Data Breach

Were you affected by the Equifax data breach?

A large-scale attack on personally sensitive information affecting nearly half of the American population was recently announced.

On September 7, 2017, Equifax, a consumer credit reporting company, reported a data breach at the company that may have compromised sensitive information, including the social security and driver’s license numbers of 143 million American consumers.

Equifax is one of the three major American credit agencies, along with Experian and TransUnion. In July, the company discovered a weak point in their website software that exposed system files to hackers. In addition to social security and driver’s license information, the hackers may have also obtained names, birth dates, addresses, credit card numbers and other documents with personal information.

Criminals can use the stolen information to impersonate victims to obtain loans, credit lines and other services.

Since the breach in July, Equifax says it’s found no evidence of unauthorized activity on its main consumer or commercial credit reporting databases. However, with nearly half of the American population affected there’s a good chance your sensitive information could be compromised.

You can see if your information may have been compromised by visiting the Equifax website and clicking on the “Check Potential Impact” button. The next page will ask that you enter your last name and the last six digits of your social security number. If your information was potentially compromised, you’ll receive the following message:

Equifax Response

Equifax advises potential victims to click the enroll button to sign up for their TrustedID Premier, which is a credit monitoring system Equifax is giving away for free for a year. The identity theft protection service may help you see if your information is being used by someone else. As security experts point out though, this program provides very little solace to anybody whose information may be in the hands of criminals.

If you have little faith in Equifax’ protection, you do have a couple of other options to help protect your credit and identity. According to the Federal Trade Commission, no one can actually protect you from having your information stolen, but you can sign up for credit monitoring or identity monitoring programs.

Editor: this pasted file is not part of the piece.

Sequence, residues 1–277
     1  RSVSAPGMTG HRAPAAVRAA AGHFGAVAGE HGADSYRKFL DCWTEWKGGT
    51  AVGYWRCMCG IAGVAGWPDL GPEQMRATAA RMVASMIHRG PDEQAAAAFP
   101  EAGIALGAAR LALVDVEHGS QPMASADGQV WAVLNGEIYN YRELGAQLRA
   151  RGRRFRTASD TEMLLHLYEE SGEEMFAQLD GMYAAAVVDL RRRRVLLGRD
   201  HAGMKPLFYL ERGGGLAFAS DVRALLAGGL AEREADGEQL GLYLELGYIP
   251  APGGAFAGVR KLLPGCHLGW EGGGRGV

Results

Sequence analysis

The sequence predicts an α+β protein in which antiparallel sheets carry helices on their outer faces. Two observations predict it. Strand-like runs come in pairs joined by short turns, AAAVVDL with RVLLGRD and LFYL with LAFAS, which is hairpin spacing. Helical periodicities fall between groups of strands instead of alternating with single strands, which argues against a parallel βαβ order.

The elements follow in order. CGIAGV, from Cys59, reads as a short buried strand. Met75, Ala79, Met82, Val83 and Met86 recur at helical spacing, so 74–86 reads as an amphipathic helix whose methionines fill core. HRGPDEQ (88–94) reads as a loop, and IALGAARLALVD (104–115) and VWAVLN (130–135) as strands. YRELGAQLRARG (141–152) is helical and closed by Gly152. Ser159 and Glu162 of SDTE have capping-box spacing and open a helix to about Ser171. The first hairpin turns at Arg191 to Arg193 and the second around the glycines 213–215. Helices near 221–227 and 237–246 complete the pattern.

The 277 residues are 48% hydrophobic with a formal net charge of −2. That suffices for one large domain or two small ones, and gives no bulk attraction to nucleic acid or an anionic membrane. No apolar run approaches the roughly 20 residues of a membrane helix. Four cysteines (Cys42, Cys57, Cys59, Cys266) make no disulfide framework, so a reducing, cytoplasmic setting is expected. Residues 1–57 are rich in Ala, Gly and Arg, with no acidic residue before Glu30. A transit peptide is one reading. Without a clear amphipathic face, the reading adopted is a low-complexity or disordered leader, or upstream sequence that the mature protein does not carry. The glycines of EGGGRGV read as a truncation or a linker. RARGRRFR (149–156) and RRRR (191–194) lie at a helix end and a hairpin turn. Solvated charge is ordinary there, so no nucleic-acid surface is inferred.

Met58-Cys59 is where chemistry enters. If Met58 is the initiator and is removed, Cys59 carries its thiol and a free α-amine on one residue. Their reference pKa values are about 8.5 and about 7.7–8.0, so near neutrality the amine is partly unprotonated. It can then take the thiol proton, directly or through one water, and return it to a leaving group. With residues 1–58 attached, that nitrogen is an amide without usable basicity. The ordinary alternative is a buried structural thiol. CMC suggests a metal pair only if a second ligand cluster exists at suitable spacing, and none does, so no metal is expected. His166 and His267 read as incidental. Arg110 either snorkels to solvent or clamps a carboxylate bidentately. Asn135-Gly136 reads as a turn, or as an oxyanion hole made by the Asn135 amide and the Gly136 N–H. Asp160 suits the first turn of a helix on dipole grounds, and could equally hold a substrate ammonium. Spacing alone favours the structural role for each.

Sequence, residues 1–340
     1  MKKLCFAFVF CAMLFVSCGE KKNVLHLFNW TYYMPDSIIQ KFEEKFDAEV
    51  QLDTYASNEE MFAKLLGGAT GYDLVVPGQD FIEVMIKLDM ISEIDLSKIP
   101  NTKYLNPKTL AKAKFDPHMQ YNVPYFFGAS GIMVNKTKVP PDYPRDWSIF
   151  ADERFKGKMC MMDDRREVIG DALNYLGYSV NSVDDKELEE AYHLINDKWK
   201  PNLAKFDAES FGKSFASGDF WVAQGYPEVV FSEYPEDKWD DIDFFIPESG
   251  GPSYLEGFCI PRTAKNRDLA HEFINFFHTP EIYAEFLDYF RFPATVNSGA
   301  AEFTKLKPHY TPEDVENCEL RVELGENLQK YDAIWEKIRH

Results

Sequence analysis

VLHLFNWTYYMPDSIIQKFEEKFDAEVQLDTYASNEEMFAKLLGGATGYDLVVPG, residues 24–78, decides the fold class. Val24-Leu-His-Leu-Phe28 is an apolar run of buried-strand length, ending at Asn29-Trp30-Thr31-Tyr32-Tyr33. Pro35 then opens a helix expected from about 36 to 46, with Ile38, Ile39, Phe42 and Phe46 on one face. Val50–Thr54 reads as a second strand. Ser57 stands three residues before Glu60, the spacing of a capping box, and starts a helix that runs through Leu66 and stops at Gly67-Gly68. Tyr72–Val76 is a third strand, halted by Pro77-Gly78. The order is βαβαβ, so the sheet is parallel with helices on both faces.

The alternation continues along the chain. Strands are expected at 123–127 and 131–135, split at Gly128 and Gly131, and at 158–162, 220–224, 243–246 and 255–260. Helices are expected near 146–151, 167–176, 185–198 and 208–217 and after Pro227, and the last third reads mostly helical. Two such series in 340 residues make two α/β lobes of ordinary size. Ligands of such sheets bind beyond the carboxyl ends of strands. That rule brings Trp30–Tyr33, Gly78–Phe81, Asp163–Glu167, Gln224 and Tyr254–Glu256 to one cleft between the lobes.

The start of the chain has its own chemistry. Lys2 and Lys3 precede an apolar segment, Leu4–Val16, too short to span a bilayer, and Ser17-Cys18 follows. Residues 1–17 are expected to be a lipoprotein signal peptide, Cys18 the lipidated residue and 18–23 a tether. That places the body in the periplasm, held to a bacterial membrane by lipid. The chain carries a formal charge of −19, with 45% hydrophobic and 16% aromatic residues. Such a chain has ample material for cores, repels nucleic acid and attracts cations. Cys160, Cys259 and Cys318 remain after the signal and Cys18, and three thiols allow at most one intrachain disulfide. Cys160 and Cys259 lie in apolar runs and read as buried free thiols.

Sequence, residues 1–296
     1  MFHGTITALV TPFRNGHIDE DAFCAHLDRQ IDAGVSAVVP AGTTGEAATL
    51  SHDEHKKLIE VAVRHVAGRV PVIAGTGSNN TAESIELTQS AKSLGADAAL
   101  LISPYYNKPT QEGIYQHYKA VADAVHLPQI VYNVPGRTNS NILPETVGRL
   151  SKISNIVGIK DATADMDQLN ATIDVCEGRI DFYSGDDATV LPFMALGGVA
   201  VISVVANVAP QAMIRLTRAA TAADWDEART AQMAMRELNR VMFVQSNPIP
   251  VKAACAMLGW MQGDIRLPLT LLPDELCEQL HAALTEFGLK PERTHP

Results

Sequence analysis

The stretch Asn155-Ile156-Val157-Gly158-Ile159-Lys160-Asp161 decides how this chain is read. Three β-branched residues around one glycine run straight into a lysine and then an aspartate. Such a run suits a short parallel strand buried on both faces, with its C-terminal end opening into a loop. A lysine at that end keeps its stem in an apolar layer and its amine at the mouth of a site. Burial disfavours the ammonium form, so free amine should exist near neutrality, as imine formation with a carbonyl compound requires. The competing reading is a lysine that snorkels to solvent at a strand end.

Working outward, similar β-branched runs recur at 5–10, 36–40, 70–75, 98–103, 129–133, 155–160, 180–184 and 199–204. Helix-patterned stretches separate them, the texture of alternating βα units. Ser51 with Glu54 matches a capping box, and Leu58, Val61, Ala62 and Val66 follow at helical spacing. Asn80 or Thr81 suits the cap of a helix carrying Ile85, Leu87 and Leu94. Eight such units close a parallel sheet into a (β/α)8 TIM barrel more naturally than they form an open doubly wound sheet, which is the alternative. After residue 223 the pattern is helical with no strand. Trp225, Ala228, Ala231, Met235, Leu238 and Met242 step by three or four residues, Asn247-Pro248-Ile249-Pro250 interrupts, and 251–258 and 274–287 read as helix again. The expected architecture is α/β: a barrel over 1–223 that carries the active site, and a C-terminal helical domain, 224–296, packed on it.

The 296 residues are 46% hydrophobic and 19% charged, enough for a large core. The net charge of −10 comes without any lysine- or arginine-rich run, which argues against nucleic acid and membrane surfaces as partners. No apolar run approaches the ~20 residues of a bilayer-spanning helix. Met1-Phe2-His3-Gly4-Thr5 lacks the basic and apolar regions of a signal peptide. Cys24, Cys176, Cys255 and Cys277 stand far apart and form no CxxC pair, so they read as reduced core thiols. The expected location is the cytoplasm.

Credit monitoring will provide alerts in the following situations:

  • a company checks your credit history
  • a new loan or credit card account is opened in your name
  • a creditor or debt collector says your payment is late
  • public records show that you’ve filed for bankruptcy
  • there is a legal judgment against you
  • your credit limits change
  • your personal information, like your name, address, or phone number, changes

It’s important to note that there are plenty of ways thieves can use your information that won’t show up on a credit monitoring program, such as withdrawals from your bank account or using your social security number to file a tax return.

Identity monitoring watches for activity that does not show up on a credit report. You’ll receive alerts in the following situations:

  • change of address requests
  • court or arrest records
  • orders for new utility, cable, or wireless services
  • payday loan applications
  • check cashing requests
  • social media
  • websites that identity thieves use to trade stolen information

There are also companies that provide identity recovery services and identity theft protection.

You should always pay attention to your credit report. Stay vigilant when it comes to protecting passwords and sensitive information. You can monitor your credit reports for free, and be sure to review your credit card and bank statements routinely.

If you ever feel your information may be compromised, consider requesting a credit freeze.